Use of Chemical Weapons In Syria

So Parliament has been recalled and is debating the following Government Motion:
That this House:

Deplores the use of chemical weapons in Syria on 21 August 2013 by the Assad regime, which caused hundreds of deaths and thousands of injuries of Syrian civilians;

Recalls the importance of upholding the worldwide prohibition on the use of chemical weapons under international law;

Agrees that a strong humanitarian response is required from the international community and that this may, if necessary, require military action that is legal, proportionate and focused on saving lives by preventing and deterring further use of Syria’s chemical weapons;

Notes the failure of the United Nations Security Council over the last two years to take united action in response to the Syrian crisis;

Notes that the use of chemical weapons is a war crime under customary law and a crime against humanity, and that the principle of humanitarian intervention provides a sound legal basis for taking action;

Notes the wide international support for such a response, including the statement from the Arab League on 27 August which calls on the international community, represented in the United Nations Security Council, to “overcome internal disagreements and take action against those who committed this crime, for which the Syrian regime is responsible”;

Believes, in spite of the difficulties at the United Nations, that a United Nations process must be followed as far as possible to ensure the maximum legitimacy for any such action;

Therefore welcomes the work of the United Nations investigating team currently in Damascus, and, whilst noting that the team’s mandate is to confirm whether chemical weapons were used and not to apportion blame, agrees that the United Nations Secretary General should ensure a briefing to the United Nations Security Council immediately upon the completion of the team’s initial mission;

Believes that the United Nations Security Council must have the opportunity immediately to consider that briefing and that every effort should be made to secure a Security Council Resolution backing military action before any such action is taken, and notes that before any direct British involvement in such action a further vote of the House of Commons will take place; and

Notes that this Resolution relates solely to efforts to alleviate humanitarian suffering by deterring use of chemical weapons and does not sanction any action in Syria with wider objectives.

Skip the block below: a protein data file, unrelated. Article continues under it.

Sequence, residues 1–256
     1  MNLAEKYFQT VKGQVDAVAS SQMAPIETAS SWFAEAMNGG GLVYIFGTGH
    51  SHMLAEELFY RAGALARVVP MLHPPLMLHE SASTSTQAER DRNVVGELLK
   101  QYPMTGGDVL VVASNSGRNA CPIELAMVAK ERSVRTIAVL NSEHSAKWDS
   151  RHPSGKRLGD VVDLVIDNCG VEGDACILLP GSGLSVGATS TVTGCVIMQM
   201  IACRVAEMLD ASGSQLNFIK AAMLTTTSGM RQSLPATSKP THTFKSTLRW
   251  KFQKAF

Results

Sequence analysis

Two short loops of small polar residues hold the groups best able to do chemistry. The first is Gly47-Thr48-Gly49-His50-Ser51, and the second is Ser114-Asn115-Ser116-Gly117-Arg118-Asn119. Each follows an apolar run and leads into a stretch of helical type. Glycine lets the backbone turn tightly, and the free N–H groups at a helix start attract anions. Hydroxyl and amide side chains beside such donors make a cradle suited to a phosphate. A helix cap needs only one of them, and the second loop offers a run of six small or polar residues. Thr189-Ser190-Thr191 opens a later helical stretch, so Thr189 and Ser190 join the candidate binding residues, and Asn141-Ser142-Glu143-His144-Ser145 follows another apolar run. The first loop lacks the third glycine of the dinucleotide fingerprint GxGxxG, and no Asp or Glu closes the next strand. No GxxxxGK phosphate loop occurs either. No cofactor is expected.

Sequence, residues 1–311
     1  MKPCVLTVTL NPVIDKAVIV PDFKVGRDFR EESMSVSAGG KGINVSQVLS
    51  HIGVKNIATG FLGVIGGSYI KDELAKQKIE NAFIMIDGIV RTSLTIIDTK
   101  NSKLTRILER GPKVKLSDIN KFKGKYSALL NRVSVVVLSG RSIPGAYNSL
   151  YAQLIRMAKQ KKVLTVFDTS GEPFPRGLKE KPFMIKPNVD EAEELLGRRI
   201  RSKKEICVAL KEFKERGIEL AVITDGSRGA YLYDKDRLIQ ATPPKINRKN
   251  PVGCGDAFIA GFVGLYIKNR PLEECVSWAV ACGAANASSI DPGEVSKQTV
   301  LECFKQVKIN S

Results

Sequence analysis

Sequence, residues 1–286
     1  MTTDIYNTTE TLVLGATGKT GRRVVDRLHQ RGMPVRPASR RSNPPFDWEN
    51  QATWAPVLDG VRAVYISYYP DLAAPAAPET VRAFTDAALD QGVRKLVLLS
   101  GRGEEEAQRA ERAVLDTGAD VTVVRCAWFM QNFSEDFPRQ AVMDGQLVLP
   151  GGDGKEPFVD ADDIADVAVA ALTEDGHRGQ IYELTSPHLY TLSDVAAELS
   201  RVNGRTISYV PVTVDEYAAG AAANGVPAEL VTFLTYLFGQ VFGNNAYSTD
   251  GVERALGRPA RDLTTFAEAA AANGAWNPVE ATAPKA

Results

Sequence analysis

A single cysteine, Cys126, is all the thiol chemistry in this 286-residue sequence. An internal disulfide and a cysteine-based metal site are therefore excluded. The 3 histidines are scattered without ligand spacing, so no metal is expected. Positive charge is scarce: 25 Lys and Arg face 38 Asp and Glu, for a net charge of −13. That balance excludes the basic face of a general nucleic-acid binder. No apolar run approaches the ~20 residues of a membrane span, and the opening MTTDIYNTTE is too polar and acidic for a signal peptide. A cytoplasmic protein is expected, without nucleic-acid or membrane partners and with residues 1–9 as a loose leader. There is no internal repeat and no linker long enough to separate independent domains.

The first point to make is how refreshing it is that the Government has sought the approval of the Speaker of the House to recall Parliament during the final days of the summer recess in order that this matter can be debated.

The second point to note is that the Joint Intelligence Committee has concluded and I quote from their letter to the Prime Minister: ‘it is highly likely that the regime was responsible for the Chemical Weapons attacks on 21st August.’

The third point is that the Government has made it clear it intends to try and secure United Nations Security Council resolution before taking any military action.

The fourth point to note is that the Government has published a summary of the legal advice it has received confirming that it would be appropriate for the international community to take action including military action if action is blocked in the Security Council.

Finally and crucially the Motion makes it clear that a further vote would be required in the House of Commons before any direct British involvement in military action is taken.

I do not want to see the UK drawn into the Civil War in Syria and I have consistently opposed any arming of the Syrian rebels. I do however accept that we as a permanent member of the UN Security Council and the nation with the 4th largest military budget in the World has both a moral and a humanitarian obligation to uphold international conventions against the use of chemical weapons.

Understandably after what has happened in the past particularly in relation to the War on Iraq there is great scepticism about any UK military involvement. Despite my scepticism about involvement in Libya particularly about the exit strategy I accepted there was a need to prevent a humanitarian disaster and the mission was essentially successful in this regard.

I will be surprised if the House of Commons does not back the Government’s approach later this evening.